GHG Emission Savings from Projects Matthew Brander, Ecometrica
Overview of presentation: Why quantify emission savings from community projects? How to measure project savings. A warning about emission savings factors. The importance of project lifetimes – rather than just annual savings. Getting the right balance between data quality and other commitments Linking reported carbon savings from communities to regional or national carbon accounts. Uncertainty about the stickiness/lifetime of behaviour change
Why quantify emission reductions: Helps in project design, i.e. allows efforts to be focused where the biggest emission reductions can be achieved, and helps to identify (and then address) project activities which increase emissions. Getting feedback on actual savings achieved can motivate the community. Provides information to funders on the impact of the project. Could (possibly) feed into wider assessments for regional/national mitigation planning.
A warning about emission saving factors: A baseline is implied – and it may not be obvious what this assumed baseline is! Example:
Emissions savings from loft insulation (730 kgCO2e saving per year from loft insulation)
Emission saving factors – continued
Where possible it is better to use representative baseline activity data, and the relevant emission factor for the activity in question.
E.g. Use representative baseline energy consumption data (primary or secondary) and apply a % saving factor to the baseline data to derive “project scenario” activity data. And apply the appropriate emission factor, e.g. fuel oil factor, for the fuel type used.
However, in some cases it may not be practical to collect data for a more accurate estimate and “emission saving factors” will be the best available option.
The importance of intervention lifetimes: “Lifetime” is the total length of time that an “action” or “intervention” causes a change from what would have happened in the baseline. E.g. The lifetime of a biomass boiler is 15 to 20 years, loft insulation is 30 to 40 years, pledged behaviour change is ? years. Looking at the lifetime of an intervention is necessary to quantify the total savings achieved (some measures may have low annual savings but last for a long time, others have higher annual savings but only last a short time).
The importance of intervention lifetimes – comparing interventions: Annual savings only: Annual savings from Intervention A = 10 tCO2e/yr Annual savings from Intervention B = 2 tCO2e/yr Conclusion: Intervention A saves more than Intervention B Lifetime savings: Lifetime savings from Intervention A = 10 tCO2e/yr * 2 years = 20 tCO2e Lifetime savings from Intervention B = 2 tCO2e/yr * 30 years = 60 tCO2e Conclusion: Intervention B saves more than Intervention A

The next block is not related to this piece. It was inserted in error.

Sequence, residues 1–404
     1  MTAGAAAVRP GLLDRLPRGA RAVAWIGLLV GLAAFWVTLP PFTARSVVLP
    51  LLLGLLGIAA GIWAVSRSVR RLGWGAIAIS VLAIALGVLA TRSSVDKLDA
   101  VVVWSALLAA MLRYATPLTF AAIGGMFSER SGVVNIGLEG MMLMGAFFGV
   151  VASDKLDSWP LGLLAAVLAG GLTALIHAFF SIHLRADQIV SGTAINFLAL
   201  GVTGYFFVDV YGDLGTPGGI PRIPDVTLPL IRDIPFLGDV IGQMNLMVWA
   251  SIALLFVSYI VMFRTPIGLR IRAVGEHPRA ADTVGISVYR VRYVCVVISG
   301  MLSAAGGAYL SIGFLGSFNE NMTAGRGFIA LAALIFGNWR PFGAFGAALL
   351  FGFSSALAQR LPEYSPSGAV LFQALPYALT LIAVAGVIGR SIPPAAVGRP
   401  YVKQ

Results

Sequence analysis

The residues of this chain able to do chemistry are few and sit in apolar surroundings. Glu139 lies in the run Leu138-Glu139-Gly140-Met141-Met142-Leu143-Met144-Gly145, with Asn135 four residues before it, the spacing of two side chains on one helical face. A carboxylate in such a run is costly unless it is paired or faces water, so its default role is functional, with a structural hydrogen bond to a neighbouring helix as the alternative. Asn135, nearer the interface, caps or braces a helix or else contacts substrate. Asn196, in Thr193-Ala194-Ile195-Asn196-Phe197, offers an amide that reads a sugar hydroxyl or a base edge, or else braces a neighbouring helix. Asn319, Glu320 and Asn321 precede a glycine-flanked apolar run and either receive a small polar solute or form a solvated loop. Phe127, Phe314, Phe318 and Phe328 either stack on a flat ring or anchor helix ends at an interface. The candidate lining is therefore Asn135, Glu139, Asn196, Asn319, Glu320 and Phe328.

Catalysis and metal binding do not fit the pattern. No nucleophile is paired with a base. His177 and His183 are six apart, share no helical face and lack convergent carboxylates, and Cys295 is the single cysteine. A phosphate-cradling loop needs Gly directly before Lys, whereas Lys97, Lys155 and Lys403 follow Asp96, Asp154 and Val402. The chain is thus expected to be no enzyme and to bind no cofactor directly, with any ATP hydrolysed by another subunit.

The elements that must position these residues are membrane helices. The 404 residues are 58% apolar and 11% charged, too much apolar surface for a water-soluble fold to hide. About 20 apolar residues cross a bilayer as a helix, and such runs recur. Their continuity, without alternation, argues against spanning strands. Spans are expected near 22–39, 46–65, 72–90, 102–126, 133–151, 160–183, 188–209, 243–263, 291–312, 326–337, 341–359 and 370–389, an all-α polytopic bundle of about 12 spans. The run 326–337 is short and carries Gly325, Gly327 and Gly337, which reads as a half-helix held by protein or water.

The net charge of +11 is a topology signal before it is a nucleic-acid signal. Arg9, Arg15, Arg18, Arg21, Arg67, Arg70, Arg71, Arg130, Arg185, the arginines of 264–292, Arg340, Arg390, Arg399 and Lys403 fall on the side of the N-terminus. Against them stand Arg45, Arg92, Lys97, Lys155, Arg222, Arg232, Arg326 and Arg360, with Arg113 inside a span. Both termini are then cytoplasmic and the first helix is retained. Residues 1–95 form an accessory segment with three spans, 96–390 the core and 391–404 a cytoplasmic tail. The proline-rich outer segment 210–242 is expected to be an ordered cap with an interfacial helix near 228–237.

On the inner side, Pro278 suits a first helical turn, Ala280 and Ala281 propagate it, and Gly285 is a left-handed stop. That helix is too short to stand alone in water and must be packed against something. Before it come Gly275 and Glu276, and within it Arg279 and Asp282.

Getting the right balance between measurement and implementation Weigh up the time required for better measurement and the value of increased accuracy. Sometimes better quality data doesn’t take longer to collect. Mix and match primary and secondary data
Linking community reporting to regional or national reporting: Distinction between emission inventories (e.g. national inventories) and quantified reductions (e.g. for climate change mitigation planning). Many community project savings will be captured by other schemes, e.g. FIT, RHI, CERT or EST reporting – but lots won’t.
Possibility of double-counting.
Some reductions will occur outside Scotland – so will reduce someone else’s production-based national inventory emissions (but will reduce Scotland’s consumption based inventory)
Baseline scenario Emissions (tCO e) 2 Carbon savings Project scenario Years Uncertainty about stickiness/ lifetime of behaviour change: How long does behaviour change last for?
Uncertainty about stickiness/ lifetime of behaviour change: Analogy: which bicycle would you choose:
Bicycle A: guaranteed to last for between 15 and 20 years
We need good longitudinal studies on how long behaviour change lasts for – to estimate the carbon savings from behaviour change projects.
Good sources for factors and secondary data: Emission Factors: Defra 2010.http://www.defra.gov.uk/environment/economy/business-efficiency/reporting/ IAG 2010 – electricity factors. http://www.decc.gov.uk/en/content/cms/statistics/analysts_group/analysts_group.aspx CCF review report appendix – derived emission factors How Low Can We Go (p38) – food factors. http://assets.wwf.org.uk/downloads/how_low_can_we_go.pdf ADAS 2009 – food factors. http://randd.defra.gov.uk/Default.aspx?Menu=Menu&Module=More&Location=None&Completed=0&ProjectID=15650 University of Bath 2008. Inventory of Carbon and Energy. Version 1.6a. http://www.bath.ac.uk/mech-eng/sert/embodied/
Good sources for factors and secondary data: Emission Saving Factors: Energy Saving Trust web site. http://www.energysavingtrust.org.uk/Energy-saving-assumptions BUT – implicit baseline and other assumptions Secondary Data: DECC. Domestic electricity consumption. http://www.decc.gov.uk/en/content/cms/statistics/regional/mlsoa_llsoa/mlsoa_2008/mlsoa_2008.aspx DECC. Domestic gas consumption. http://www.decc.gov.uk/en/content/cms/statistics/regional/mlsoa_llsoa/mlsoa_2008/mlsoa_2008.aspx
Good sources for factors and secondary data: Intervention Lifetimes: CERT 2011. http://www.ofgem.gov.uk/Pages/MoreInformation.aspx?file=Carbon%20Emissions%20Reduction%20Target%20Carbon%20Reduction%20Matrix.xls&refer=Sustainability/Environment/EnergyEff/InfProjMngrs Carbon Trust (2010). Persistence Factors. http://www.carbontrust.co.uk/cut-carbon-reduce-costs/calculate/carbon-footprinting/Documents/persistence-factor-taxonomy.pdf